A recent study followed over 2000 women to see if there was a correlation between occupation and breast cancer risk. They found that across all sectors, women in jobs with potentially high exposures to carcinogens and endocrine disruptors had elevated breast cancer risk. Specifically sectors with elevated risk included: agriculture, bars with gambling, automotive plastics manufacturing, food canning and metalworking.
In other words, women who would worked for the automotive plastics industries for example, were almost 5 times as likely as women in other occupations to develop breast cancer. It is important to note that the researchers made adjustments for smoking, weight, alcohol use and other lifestyle and reproductive factors and still found elevated risks in these occupations.
I am surprised it took this long to figure out that working with fumes, dust and factory waste is linked to breast cancer. After all, for decades, workers in those industries have reported high levels of nosebleeds, headaches, nausea and dizziness.
Jeanne Rizzo, president of the Breast Cancer Fund, was quoted in an insightful article outlining the risks of factory (http://www.publicintegrity.org/2012/11/19/11806/study-spotlights-high-breast-cancer-risk-plastics-workers ) work saying the study is, “a very powerful piece of work. The piece that’s really been missing for female breast cancer is occupation.”
There is no doubt that the exposure to toxic chemicals and waste is a significant factor for women in these occupations developing breast cancer, but what about the actual work environment? Is it coincidence that the jobs that have the highest levels of breast cancer risk are also very male dominated?
Chinese medicine has long claimed that emotions are at the root of most diseases. And even the American Chemistry Council says that, “The well-established risk factors for breast cancer are not chemical exposures, but rather a combination of lifestyle and genetic factors.”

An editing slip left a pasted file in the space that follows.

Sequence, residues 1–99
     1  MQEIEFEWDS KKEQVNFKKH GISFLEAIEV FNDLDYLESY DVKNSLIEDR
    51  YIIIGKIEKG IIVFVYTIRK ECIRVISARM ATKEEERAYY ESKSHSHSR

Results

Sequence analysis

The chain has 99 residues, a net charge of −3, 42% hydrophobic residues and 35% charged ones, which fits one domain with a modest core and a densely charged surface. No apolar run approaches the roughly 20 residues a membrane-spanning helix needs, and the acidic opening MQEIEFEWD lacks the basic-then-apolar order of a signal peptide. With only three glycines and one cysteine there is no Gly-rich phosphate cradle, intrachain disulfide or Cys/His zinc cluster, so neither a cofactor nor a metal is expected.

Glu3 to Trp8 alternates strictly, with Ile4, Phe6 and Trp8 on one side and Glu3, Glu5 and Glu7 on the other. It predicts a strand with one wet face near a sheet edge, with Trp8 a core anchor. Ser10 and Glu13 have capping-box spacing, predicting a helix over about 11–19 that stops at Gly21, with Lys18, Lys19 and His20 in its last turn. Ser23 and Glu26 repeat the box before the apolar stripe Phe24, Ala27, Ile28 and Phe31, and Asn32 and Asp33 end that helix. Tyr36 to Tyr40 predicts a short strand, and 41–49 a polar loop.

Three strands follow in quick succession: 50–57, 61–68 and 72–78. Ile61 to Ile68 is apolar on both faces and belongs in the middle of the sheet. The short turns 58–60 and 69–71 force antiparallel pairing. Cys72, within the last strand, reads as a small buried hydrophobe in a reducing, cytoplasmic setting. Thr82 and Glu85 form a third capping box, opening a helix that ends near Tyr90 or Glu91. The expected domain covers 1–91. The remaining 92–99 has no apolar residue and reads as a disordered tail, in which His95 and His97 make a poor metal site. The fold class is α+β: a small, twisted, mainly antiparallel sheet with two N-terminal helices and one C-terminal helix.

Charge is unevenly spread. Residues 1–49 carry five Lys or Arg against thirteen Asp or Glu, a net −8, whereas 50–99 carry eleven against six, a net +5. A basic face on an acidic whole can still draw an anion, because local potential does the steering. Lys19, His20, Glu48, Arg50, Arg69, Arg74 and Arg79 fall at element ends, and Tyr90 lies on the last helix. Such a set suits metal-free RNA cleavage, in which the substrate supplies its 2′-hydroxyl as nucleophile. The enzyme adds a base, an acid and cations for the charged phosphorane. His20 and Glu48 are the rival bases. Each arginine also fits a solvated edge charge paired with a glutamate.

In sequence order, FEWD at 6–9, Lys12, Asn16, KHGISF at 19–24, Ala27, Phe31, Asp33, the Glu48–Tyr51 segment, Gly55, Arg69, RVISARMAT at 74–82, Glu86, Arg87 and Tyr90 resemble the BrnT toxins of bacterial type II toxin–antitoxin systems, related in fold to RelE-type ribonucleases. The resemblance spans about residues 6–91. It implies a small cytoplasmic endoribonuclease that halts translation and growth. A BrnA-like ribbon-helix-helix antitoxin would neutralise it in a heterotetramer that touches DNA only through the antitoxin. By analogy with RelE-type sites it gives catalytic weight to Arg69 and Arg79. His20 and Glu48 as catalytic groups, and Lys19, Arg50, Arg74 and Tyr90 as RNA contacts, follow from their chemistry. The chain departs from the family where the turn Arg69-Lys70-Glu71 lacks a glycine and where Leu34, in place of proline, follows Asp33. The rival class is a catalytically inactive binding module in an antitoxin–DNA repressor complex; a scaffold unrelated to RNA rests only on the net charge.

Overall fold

In addition to chemical exposure in the high-risk occupations, we have to address the emotional environment. Do women in these male dominated industries also experience social stress, stereotyping and exclusion? Women who work in bars with gambling for example are listed in one of the high-risk categories for breast cancer on the job. The researchers conjecture that this has to do with second hand smoke. It would be interesting to address some of the other exposures women have in this job environment. One can only assume that in addition to second hand smoke they are also working odd hours, dealing with gambling addicts and alcoholics and possibly receiving advances from inebriated men.
We are in desperate need of follow up studies detailing work environment emotional settings as well as chemical exposure so we can address both the physical and emotional strain these female workers are going through.
“Breast cancer risk in relation to occupations with exposure to carcinogens and endocrine disruptors: a Canadian case–control study” James T Brophy, Margaret M Keith, Andrew Watterson, Robert Park, Michael Gilbertson, Eleanor Maticka-Tyndale,Matthias Beck, Hakam Abu-Zahra, Kenneth Schneider, Abraham Reinhartz, Robert DeMatteo and Isaac Luginaah. http://www.ehjournal.net/content/11/1/87/abstract
“Study Spotlights High Breast Cancer Risk for Factory Workers” By Jim Morris http://www.publicintegrity.org/2012/11/19/11806/study-spotlights-high-breast-cancer-risk-plastics-workers